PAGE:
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Old 03-25-2012
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Re: Mr. B Buys A Boat- Adventures in Boat Shopping

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Originally Posted by chuck53 View Post
Check out the Catalina 30 owners website. Lots of help to be found there.
You can find them at International Catalina 30 Association
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Re: Mr. B Buys A Boat- Adventures in Boat Shopping

I don't think you'll find a C30 in California for $12,000 that doesn't have some major issues to address.
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Old 03-25-2012
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Originally Posted by bbremer10 View Post
Turns out that what this guy does is buy junkers floating in the marina and turns them on Craig's list. Explains why he could not answer any questions about the boat. He never sailed it. Only had it for six months. Rigging was shot. In fact, the pictures he posted on CL were not even his. They apparently were from the previous owner's failed attempt to sell this tub. Who knows how old those were?! This guy couldn't figure anything out because he knows nothing about the boat.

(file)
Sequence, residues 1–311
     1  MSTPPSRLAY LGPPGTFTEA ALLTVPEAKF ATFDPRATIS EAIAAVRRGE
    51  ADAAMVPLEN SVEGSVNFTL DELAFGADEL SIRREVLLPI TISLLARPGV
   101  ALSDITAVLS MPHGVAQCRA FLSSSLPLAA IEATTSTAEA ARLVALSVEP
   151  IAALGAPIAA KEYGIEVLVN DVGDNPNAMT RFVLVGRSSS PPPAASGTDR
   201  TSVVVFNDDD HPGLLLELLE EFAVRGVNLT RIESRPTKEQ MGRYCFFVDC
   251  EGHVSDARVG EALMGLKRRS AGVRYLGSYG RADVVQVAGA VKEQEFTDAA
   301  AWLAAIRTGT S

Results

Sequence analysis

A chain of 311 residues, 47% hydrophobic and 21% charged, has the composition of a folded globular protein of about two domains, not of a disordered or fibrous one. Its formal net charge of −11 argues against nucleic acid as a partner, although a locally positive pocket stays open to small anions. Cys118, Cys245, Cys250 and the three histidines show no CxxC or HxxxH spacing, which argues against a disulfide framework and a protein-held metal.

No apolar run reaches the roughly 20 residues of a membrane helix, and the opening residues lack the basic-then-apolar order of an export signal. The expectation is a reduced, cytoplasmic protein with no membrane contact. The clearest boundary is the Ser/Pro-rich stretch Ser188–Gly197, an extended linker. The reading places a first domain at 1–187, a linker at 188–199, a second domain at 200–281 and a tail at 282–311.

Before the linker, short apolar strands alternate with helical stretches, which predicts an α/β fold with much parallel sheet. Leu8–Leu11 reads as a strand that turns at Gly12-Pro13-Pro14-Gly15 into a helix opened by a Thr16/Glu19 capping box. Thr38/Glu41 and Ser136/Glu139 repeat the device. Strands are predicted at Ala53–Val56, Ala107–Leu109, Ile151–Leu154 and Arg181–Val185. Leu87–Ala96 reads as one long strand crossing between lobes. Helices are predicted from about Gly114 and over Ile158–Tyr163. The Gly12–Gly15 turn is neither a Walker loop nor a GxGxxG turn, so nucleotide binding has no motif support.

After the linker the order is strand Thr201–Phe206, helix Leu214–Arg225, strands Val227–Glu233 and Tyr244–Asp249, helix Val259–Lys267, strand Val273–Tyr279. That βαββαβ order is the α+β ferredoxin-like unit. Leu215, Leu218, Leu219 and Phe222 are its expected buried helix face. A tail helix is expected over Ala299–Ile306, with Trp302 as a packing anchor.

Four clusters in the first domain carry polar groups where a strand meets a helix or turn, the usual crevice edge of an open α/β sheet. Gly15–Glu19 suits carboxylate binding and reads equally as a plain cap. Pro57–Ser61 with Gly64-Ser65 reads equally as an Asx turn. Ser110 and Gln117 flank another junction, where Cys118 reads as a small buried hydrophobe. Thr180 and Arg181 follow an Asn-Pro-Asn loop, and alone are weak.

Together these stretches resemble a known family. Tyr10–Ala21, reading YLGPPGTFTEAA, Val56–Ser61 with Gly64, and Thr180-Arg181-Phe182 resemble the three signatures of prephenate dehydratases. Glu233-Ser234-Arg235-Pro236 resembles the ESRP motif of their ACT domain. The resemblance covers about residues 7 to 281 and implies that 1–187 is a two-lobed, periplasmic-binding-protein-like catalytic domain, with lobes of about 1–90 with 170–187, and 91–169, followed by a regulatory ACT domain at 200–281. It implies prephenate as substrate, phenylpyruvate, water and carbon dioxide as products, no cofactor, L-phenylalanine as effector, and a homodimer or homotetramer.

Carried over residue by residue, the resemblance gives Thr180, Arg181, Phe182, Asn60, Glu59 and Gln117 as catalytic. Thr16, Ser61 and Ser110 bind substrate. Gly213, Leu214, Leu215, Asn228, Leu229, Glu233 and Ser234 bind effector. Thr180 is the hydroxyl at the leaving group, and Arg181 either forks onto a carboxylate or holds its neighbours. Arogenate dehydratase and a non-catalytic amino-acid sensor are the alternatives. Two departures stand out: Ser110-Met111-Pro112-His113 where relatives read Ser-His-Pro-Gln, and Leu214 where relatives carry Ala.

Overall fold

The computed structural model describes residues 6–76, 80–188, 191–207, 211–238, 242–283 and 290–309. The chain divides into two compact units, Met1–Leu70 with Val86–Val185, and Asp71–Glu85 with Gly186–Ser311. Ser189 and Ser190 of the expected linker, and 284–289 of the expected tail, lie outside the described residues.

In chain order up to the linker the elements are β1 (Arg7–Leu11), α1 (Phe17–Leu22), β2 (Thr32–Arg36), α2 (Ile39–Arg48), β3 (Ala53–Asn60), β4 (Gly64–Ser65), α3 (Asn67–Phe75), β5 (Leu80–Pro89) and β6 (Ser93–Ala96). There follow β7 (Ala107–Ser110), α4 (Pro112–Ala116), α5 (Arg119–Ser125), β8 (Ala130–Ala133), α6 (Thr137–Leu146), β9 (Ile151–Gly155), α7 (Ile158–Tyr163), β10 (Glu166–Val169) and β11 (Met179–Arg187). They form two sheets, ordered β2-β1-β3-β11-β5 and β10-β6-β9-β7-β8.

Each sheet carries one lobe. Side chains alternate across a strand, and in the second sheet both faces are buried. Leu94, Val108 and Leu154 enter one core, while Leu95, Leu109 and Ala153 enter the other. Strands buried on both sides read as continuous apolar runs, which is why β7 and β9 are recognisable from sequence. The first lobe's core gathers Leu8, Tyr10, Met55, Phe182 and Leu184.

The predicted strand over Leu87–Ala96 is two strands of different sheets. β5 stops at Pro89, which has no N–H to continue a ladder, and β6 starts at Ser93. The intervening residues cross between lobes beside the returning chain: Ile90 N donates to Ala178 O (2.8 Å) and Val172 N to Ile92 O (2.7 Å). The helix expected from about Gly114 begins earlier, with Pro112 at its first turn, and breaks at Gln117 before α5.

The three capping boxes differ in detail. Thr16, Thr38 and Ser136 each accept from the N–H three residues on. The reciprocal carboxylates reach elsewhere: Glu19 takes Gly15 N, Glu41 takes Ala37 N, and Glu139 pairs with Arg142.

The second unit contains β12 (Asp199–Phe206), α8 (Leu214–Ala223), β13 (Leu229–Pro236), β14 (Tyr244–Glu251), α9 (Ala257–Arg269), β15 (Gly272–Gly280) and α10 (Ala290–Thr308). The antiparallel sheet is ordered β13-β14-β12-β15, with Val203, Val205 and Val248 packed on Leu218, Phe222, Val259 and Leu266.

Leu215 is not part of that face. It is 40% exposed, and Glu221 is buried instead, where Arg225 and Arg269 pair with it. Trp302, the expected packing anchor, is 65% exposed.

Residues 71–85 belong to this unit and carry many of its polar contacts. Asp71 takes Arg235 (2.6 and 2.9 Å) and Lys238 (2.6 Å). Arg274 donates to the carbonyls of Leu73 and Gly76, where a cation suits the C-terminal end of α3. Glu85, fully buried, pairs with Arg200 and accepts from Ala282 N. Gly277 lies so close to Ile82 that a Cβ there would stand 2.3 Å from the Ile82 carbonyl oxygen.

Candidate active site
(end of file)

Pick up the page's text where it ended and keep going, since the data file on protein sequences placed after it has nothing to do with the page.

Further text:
Or you do the the survey he incapable of. To heck with how they sail, research will tell you that. Thru halls, Stuffing box tubing, stuff that will make it sink, then go from there. Reduce price accordingly. If he doesn't have the education , educate him, but only on the bad.
You can get some really good deals this way if you know how to survey a boat yourself. There are often people trying to get rid of boats they just got ahold of somehow and want to flip them for a few hundred bucks profit.
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Old 03-26-2012
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Re: Mr. B Buys A Boat- Adventures in Boat Shopping

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Originally Posted by benajah View Post
You can get some really good deals this way if you know how to survey a boat yourself. There are often people trying to get rid of boats they just got ahold of somehow and want to flip them for a few hundred bucks profit.